(Which also raises the question about seized property, too. If that criminal is caught and, as Andreessen shares, "every transaction in the Bitcoin network is tracked and logged forever in the Bitcoin blockchain, or permanent record, available for all to see," then what's to stop the government from attempting to seize all those ill-gotten coins, even multiple stages down the line? Cash and gold have no ledger, and that provides each holder some assurance that it cannot be appropriated by others. Add a paper trail and that dynamic changes.
It introduces the "nemo dat" rule, a legal precedent that going back thousands of years through multiple legal systems, which holds that someone cannot ever own stolen property, even if he had no idea it was stolen when it was purchased. Through this rule, art, antiques, and much more has been returned to its original owners, sometimes after generations have passed. Imagine the effect of that on your bank account.)
A criminal or a tax dodger could walk gold and paper currency across the border as well, with one difference. The more of these physical things you try to carry across a border, the harder it is to go unnoticed. These things take up space, and that small difference makes the job of criminal investigators worlds easier.
You can be 100% certain that, no matter how persuasive Andreessen is, regulators will eventually put the same requirements on Bitcoin's exchange agents that it does on those who oversee gold purchases and cash deposits—to report large transfers and purchases for scrutiny. Failure to do so would effectively roll out the red carpet to criminal activity.
Even if law enforcement manages to get its hands around the traceability of bitcoins—a feature that Andreessen relies on heavily in his argument but which is trivially defeated using a simple piece of code called a "tumbler"—there's still a much bigger concern to be dealt with:
Every country insists on maintaining control of its money supply and exchange rate, a process that happens through currency controls.
Most Americans know less about this process than the rest of the world, as in our lifetimes the US dollar has been the world's reserve currency and the yardstick against which all others are measured. It has lost value over time through slow, steady, engineered inflation, but never have we experienced quite the shock most other currencies have, with double-digit devaluations virtually overnight—wherein you wake up one morning to find that the last bank crisis didn't just sink the stock market, it made the price of food double overnight.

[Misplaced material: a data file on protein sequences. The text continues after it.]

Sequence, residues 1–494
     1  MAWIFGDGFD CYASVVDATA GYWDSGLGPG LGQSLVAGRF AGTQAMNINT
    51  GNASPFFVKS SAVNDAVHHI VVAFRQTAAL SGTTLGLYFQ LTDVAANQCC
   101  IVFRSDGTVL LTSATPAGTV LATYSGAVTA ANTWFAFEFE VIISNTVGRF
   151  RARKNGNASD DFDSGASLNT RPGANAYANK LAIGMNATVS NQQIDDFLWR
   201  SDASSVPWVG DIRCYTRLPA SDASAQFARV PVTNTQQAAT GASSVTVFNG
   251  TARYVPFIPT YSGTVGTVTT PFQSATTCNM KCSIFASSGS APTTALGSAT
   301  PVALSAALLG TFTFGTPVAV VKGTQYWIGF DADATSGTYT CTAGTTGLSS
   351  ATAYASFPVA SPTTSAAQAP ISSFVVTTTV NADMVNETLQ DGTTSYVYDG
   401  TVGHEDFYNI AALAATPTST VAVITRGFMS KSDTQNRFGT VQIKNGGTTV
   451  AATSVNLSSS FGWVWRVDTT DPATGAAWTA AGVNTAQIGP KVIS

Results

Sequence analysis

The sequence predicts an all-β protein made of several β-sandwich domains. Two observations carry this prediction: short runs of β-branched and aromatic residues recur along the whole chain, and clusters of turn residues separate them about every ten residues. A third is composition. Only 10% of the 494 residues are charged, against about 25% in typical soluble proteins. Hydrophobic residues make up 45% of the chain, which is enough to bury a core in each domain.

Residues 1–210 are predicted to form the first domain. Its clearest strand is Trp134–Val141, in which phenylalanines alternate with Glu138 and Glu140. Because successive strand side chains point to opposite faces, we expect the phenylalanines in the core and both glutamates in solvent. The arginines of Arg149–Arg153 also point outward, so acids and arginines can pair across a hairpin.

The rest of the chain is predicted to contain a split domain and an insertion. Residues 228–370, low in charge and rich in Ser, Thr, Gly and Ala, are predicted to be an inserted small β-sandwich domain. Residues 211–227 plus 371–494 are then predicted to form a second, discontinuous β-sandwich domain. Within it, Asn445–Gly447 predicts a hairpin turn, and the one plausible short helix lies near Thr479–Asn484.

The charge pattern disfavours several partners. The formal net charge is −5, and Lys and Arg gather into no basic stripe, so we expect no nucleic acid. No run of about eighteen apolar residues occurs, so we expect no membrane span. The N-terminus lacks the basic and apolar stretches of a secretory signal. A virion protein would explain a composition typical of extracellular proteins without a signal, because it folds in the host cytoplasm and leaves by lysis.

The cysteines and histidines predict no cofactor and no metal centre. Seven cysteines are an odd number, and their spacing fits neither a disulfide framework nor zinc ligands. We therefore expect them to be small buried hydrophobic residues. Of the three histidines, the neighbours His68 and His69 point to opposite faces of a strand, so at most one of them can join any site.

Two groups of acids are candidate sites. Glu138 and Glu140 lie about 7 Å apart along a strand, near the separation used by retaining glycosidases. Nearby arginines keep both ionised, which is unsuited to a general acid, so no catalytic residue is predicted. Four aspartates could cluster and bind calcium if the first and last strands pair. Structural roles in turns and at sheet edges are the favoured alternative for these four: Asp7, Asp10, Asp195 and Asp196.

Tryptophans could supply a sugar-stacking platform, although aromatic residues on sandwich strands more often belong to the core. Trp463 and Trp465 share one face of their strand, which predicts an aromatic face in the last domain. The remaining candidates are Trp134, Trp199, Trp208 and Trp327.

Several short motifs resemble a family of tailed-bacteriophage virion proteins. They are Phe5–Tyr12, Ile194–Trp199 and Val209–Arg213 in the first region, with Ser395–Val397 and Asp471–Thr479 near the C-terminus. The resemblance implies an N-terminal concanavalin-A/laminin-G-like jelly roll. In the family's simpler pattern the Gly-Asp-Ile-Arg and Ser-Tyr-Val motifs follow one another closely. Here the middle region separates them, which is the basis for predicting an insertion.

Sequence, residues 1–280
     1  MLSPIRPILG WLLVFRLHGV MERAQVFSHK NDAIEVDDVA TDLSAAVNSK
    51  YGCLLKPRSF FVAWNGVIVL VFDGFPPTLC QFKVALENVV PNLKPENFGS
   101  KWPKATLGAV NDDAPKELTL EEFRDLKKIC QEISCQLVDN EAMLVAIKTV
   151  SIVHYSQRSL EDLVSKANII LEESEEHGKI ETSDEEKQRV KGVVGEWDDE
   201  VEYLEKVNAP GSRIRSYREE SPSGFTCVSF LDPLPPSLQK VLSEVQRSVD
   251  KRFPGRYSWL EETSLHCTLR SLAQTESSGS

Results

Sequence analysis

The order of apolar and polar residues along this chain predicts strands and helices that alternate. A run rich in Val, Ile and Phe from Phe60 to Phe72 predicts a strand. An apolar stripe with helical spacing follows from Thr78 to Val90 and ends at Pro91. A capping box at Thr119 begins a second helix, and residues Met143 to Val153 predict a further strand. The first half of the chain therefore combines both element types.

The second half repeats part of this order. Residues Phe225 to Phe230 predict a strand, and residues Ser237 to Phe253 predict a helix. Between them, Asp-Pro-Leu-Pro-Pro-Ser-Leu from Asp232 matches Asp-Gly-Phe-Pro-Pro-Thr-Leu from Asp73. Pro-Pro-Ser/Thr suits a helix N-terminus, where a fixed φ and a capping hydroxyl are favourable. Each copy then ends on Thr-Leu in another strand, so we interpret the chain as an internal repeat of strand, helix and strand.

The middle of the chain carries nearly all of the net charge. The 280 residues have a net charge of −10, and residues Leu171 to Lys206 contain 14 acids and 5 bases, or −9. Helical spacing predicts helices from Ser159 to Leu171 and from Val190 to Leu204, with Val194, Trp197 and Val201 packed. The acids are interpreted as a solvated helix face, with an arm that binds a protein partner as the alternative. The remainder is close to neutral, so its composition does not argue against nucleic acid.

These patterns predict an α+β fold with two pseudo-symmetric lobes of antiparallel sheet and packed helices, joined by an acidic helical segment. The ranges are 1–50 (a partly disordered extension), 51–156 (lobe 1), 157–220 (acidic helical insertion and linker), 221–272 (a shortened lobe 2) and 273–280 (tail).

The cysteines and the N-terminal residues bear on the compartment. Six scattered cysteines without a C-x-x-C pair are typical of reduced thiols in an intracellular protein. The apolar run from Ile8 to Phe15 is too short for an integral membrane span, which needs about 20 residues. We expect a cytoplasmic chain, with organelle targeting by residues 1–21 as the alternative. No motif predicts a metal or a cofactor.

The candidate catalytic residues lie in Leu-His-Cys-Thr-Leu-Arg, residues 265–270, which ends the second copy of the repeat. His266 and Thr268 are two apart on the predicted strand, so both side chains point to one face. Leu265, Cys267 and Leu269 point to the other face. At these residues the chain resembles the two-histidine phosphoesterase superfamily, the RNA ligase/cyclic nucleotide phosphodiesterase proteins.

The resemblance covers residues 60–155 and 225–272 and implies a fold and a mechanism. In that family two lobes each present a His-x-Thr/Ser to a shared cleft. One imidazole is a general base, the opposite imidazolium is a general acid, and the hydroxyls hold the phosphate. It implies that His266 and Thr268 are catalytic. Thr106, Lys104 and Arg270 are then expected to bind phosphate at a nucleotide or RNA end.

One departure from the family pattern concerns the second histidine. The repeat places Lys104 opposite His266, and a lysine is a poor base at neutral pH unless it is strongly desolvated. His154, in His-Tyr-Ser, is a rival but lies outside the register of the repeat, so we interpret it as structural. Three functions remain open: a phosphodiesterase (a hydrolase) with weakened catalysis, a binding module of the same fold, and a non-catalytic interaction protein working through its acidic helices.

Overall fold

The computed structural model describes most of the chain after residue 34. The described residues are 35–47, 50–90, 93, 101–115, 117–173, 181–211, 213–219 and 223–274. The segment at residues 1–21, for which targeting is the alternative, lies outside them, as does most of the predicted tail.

Never has our country had to impose strict exchange measures, though anyone who's traveled internationally knows you must declare leaving or returning with more than $10,000 so it can be monitored, and that gold purchases above $10,000 must be reported to the government if purchased with cash or cash equivalents. Similar such rules in other countries limit such activity, instead of just monitor it, to prevent massive selling of local currency or moving large amounts of cash out of the country to avoid taxes.
When people lose faith in a currency—as has happened in dozens of countries in the past few decades, including well-known examples like Argentina in 2002—its value on the market can drop dramatically. That inflation or devaluation causes import prices to rise dramatically, and can be devastating to a local populace. The controls on currency movement and exchange is part of how countries encourage a stable economy, but also how they can borrow cheaply, by assuring investors they are taking the steps to maintain a healthy currency.
Bitcoin today circumvents these controls by providing a non-currency intermediary—like a physical good, i.e., a gold coin or barrel of oil—that can be traded electronically and outside any regulated exchange. With an unregulated, mass-market bitcoin, all the world's currencies immediately become truly floating rate, and anyone can easily circumvent currency controls with a few clicks. Some would argue that this is a step forward for global economics—but it would take away many of the very tools central banks use to manage the world's economies during the most extreme circumstances.
Neither currency controls nor financial monitoring for tax and criminal statute compliance are powers any government would readily surrender.
Speaking of criminal activity, the modern-day payment systems Andreessen decries serve a critical role in that detection and prevention as well. He bemoans that role, saying that transaction processors err too far to the side of security.
"In addition, merchants are highly attracted to Bitcoin because it eliminates the risk of credit card fraud. This is the form of fraud that motivates so many criminals to put so much work into stealing personal customer information and credit card numbers.
Since Bitcoin is a digital bearer instrument, the receiver of a payment does not get any information from the sender that can be used to steal money from the sender in the future, either by that merchant or by a criminal who steals that information from the merchant.